It is of interest to learn that Voltaire did not readily reject the optimistic philosophy. In the first of his philosophical tales, Zadig (1747), he was not without optimism. His hero, like Candide, experienced great difficulties in his travels. He was nearly strangled in Babylon, barely escaped being roasted to death in Barra, was impaled by bonzes in Serendip, and enslaved in Egypt. Understandably, he questioned the theory of providentialism. But he finally was told by an angel that there is no evil in the world from which good does not arise. The Voltaire of Candide, published twelve years later, no longer could accept this point of view. He rejected the views of Leibnitz, Wolff, Bolingbroke, and Pope: there was overwhelming evidence that all was not for the best in this world.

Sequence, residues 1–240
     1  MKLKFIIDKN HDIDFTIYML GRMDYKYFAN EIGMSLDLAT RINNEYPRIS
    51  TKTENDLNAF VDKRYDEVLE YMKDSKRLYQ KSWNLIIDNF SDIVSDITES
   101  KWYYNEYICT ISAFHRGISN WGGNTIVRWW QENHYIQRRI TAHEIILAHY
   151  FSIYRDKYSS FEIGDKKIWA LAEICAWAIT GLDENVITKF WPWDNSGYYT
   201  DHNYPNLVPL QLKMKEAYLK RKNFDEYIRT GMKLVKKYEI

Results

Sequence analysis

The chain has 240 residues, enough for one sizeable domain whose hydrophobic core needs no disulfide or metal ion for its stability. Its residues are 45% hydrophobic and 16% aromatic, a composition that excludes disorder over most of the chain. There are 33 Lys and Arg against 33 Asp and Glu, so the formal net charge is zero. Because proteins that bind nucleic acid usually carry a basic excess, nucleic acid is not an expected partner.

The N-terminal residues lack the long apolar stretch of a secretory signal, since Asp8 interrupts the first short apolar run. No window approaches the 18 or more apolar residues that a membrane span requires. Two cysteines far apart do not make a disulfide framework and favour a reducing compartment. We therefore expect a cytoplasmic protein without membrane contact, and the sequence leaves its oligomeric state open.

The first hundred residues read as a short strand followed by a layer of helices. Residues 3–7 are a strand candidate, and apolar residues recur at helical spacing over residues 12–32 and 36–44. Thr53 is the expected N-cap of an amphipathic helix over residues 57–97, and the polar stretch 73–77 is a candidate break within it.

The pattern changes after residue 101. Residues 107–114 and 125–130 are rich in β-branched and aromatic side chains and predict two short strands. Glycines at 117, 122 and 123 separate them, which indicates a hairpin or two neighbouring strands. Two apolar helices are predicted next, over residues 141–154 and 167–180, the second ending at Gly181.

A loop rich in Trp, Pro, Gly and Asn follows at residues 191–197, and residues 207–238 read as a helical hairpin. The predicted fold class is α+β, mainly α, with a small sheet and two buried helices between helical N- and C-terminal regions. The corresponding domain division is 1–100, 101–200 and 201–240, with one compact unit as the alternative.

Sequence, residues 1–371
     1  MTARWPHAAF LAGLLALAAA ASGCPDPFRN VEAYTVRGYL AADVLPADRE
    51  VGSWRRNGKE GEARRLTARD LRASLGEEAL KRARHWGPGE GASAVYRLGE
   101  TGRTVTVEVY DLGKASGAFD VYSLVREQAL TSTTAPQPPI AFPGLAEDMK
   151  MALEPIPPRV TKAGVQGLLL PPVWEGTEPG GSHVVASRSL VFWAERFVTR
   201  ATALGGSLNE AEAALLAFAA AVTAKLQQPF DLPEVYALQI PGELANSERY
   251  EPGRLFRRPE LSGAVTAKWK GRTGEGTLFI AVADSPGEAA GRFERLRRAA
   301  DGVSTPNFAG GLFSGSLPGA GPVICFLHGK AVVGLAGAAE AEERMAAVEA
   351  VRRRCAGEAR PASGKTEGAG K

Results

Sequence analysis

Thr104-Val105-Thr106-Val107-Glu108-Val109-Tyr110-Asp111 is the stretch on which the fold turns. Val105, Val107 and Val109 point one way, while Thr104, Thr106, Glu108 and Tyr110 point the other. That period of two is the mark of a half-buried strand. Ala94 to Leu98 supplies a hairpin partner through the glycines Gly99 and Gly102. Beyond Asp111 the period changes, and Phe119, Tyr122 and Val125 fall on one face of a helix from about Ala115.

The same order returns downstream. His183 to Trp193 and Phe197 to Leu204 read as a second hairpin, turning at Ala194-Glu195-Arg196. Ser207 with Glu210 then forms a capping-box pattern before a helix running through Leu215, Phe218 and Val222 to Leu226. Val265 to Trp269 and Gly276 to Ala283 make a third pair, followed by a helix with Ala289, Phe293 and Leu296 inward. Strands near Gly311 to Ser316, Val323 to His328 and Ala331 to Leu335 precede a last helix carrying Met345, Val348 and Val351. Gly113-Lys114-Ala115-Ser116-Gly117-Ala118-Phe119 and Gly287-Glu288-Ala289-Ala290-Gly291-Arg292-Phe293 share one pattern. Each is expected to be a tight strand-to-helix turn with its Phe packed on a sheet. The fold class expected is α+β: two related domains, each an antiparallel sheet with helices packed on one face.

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This note was uploaded on 12/03/2011 for the course ENGLISH 1001 taught by Professor Staff during the Fall '11 term at Texas State.